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Well-placed (for sustainability science)
Five keys to successful place-based research that can support sustainability transitions
Study examines the key features that contribute to the success of 42 place-based social-ecological case studies
There is a growing need to understand better how to maximize the effectiveness of social-ecological sustainability research
The results presented in the paper are based on a survey of the leaders of Programme on Ecosystem Change and Society affiliated projects
Want to become a successful researcher in sustainability science? Then you should read a paper published in Ecology and Society that examines the key features that contribute to the success of 42 place-based social-ecological case studies spread across 25 countries.
The study was co-written by centre researchers Tim Daw, Albert Norström, Maike Hamann and Garry Peterson together with an international network of colleagues.
They argue that amid the increasing research conducted within sustainability science on the interactions between nature and society and transitions toward sustainability, the time is ripe for some self-critique.
A growing body of place-based social-ecological sustainability research has emerged in recent decades, and there is an increasing need to understand better how to maximize the effectiveness of this work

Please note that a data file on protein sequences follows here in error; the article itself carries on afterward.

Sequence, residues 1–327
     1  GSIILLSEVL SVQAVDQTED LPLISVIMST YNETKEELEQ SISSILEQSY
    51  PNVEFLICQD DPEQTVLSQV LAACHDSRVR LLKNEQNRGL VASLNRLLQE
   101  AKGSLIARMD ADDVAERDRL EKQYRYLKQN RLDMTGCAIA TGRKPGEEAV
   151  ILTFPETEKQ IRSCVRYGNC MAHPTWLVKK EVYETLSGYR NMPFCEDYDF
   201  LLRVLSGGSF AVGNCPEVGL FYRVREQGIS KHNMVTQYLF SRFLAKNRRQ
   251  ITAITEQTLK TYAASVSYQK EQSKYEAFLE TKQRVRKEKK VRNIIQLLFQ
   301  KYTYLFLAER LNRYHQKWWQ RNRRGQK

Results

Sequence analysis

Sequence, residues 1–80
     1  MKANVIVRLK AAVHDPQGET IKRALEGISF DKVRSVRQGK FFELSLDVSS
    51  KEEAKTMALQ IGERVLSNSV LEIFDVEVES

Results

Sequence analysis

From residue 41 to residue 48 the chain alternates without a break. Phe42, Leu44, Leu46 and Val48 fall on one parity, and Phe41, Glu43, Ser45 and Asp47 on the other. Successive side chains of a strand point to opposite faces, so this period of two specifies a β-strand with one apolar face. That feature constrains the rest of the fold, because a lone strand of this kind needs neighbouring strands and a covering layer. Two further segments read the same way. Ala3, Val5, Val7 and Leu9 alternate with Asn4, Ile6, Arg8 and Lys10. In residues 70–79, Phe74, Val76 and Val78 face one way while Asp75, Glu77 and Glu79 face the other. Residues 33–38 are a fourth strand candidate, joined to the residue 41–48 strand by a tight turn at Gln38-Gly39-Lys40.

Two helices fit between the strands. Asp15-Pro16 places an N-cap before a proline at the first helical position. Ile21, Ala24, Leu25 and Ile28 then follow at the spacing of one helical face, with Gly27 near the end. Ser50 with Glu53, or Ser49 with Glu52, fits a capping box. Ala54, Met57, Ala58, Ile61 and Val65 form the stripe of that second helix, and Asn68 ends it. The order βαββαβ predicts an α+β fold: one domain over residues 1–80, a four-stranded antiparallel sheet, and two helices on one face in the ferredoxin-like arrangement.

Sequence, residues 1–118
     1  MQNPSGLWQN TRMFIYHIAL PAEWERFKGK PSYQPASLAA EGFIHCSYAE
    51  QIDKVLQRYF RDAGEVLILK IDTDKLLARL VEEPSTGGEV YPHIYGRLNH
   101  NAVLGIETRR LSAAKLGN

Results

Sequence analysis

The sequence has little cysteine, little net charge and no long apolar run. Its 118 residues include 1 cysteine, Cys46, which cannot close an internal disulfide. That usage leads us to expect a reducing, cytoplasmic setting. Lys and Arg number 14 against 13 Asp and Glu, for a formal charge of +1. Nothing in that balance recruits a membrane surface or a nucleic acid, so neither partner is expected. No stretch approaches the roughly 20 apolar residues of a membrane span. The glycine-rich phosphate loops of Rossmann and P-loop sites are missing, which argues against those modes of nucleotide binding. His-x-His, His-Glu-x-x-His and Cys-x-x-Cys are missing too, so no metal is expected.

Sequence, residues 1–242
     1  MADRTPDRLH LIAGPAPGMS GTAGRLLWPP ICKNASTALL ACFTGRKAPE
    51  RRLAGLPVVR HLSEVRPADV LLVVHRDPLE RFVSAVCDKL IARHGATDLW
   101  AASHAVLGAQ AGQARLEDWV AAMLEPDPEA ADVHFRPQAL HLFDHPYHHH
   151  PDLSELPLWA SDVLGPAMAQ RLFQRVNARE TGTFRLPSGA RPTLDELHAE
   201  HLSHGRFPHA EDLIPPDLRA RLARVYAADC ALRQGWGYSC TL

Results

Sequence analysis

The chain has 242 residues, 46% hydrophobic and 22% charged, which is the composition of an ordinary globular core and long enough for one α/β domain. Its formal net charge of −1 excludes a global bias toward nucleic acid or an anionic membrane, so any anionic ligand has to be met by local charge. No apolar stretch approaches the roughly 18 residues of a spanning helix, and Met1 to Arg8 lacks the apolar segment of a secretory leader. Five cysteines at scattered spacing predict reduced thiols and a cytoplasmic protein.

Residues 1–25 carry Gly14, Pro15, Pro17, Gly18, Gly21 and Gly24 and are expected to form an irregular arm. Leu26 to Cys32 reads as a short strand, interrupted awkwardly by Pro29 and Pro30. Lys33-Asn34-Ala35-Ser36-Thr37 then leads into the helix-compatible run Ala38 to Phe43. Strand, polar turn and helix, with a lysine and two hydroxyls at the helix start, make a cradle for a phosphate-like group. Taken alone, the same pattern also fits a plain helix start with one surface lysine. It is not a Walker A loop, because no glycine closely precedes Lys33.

Daw, Norström, Hamann, et.al
The paper is part of a special feature on the Programme on Ecosystem Change and Society (PECS) called “Knowledge for Sustainable Stewardship of Social-Ecological Systems”.
The results presented in the paper are based on a survey of the leaders of PECS-affiliated projects. Using a combination of open, closed, and semi structured questions the authors identified which features of a research project that are perceived to contribute to successful research design and implementation.
"The emphasis on place and social-ecological interactions is the foundation of the PECS programme and this approach has a strong track record of delivering key insights and creating a new generation of sustainability scientists," says Albert Norström, who is co-author of the paper and the executive director of PECS.
Experience from 25 countries
Each responding PECS-affiliated project leader was asked to assess the performance of their own projects within six themes: problem orientation, research team, context, concepts, methods, and evaluation. In total, the study analysed 42 case studies in 25 countries.
In the self-assessments, team and context-related features were ranked higher than methodological, evaluation, and problem orientation features. Based on the responses, the authors identified five strategies for fostering successful place-based social-ecological sustainability research:
1. Allowing enough time for better understanding of social-ecological dynamics and the fostering of concrete and trusted engagements with stakeholders
2. Early identification of the role played by different project members and the scope of the project
3. Identification of short-, medium-, and long-term products
4. Adaption of internal monitoring processes to evaluate success
5. Pay particular attention to the lessons that can be learned from failure